How do the poor cope with health shocks? Experiences from a cross-sectional study in Uganda

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Australasian Medical Journal


This study sought to identify determinants in choosing from different coping strategies in cases of illness, injury and death shocks and how these strategies vary across socioeconomic groups in Uganda. Data from a cross sectional survey covering a total of 1496 households collected by researchers from Makerere University in 2012 was used. Four coping strategies, besides social and non-social protection strategies were explored. Descriptive statistics and multinomial logistic regression techniques were used in the analysis of health shocks and determinants of choices of coping strategies. Marginal effects were computed for the multinomial regression coefficients. Illness (83.9 per cent) was the most common health shock reported followed by death of a household member (25.8 per cent) and injury (15.8 per cent). Borrowing and external assistance were the most commonly used strategies to cope with illness shocks and reliance on own savings or assets was minimally used. Non-social protection initiatives2 were used most to respond to illness shocks compared to formal social protection initiatives3. Regression results shows that the poorest households were 0.28 times more likely to seek external assistance to deal with shocks than the wealthier households. This suggests lack of capacity to cope and dependence on unreliable strategies exacerbate impoverishment. Governments needs to promote comprehensive coping strategies such as universal health insurance, targeted social protection initiatives and develop inclusive and innovative poverty reduction strategies that enhance the capability of households to cope with effects of health shocks.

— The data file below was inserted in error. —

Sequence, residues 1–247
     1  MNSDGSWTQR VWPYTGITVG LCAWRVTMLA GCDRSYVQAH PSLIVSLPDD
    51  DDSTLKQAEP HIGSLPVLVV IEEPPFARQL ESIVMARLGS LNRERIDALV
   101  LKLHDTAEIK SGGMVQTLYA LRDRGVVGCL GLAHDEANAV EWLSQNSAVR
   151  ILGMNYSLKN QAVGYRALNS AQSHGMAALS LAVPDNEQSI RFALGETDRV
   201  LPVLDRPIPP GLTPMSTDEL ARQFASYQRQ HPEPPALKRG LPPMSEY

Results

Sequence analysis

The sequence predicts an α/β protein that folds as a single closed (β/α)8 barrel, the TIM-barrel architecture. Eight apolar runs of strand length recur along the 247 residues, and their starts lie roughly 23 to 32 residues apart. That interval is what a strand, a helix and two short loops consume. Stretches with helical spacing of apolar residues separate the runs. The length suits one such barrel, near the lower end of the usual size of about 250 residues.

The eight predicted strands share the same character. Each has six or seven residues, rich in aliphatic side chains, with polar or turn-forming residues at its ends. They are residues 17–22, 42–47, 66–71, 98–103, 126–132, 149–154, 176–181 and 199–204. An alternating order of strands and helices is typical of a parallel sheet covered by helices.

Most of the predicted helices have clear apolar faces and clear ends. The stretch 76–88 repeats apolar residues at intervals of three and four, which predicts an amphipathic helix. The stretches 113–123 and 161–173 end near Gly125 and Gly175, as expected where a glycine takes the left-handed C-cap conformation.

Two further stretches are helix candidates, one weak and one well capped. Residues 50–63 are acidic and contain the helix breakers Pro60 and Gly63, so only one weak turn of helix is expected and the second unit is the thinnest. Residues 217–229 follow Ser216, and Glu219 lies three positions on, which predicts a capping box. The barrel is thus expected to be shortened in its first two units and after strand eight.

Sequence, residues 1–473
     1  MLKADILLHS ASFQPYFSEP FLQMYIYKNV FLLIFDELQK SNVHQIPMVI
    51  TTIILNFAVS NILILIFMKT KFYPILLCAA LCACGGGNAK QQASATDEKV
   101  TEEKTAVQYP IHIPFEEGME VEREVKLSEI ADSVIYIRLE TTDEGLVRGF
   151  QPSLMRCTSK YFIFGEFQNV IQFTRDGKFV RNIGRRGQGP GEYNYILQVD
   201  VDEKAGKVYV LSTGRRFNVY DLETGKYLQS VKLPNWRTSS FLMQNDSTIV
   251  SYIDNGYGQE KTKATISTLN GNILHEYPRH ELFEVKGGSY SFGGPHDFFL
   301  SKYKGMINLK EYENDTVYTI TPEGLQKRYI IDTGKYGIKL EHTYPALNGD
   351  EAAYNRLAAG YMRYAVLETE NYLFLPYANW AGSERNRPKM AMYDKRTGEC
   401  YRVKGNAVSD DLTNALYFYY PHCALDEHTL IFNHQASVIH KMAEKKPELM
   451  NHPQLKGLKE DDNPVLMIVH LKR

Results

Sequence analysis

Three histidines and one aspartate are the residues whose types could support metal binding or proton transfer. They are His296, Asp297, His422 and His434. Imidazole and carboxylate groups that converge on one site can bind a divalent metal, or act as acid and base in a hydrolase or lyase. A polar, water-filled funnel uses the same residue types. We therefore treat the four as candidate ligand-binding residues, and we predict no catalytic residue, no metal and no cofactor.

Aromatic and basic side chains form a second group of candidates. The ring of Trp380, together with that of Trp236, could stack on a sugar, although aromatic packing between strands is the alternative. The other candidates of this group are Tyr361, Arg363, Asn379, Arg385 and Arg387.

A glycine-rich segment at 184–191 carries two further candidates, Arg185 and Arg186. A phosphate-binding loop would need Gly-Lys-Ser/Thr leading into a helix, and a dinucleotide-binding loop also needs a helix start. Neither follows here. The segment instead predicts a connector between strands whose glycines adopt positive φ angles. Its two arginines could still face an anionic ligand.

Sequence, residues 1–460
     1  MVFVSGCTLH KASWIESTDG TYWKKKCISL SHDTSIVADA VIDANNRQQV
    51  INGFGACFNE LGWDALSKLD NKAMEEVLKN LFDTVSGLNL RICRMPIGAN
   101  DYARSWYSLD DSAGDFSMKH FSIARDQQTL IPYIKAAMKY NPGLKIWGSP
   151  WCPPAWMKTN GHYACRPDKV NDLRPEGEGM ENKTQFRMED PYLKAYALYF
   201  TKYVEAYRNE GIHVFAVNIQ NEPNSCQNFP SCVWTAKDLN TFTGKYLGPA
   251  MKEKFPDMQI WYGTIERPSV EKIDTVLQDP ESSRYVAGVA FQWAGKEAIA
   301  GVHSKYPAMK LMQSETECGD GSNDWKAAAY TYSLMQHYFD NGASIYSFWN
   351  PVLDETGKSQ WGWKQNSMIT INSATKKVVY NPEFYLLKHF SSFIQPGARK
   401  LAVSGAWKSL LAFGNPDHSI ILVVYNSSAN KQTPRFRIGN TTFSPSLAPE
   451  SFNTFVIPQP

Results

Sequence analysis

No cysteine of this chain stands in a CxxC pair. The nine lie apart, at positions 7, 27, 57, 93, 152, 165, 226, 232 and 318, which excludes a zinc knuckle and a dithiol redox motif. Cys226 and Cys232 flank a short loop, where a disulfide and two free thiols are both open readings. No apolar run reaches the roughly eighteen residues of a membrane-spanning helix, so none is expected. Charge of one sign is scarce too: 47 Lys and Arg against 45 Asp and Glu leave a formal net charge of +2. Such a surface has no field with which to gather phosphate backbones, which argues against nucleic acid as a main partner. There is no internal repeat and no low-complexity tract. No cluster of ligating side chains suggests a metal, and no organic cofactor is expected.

Health Shocks, Coping Mechanism, the Poor, Uganda


Aliga A, Matovu F, & Wasswa F. (2023). How do the poor cope with health shocks? Experiences from a cross-sectional study in Uganda. Australasian Medical Journal, 16(4):611-624.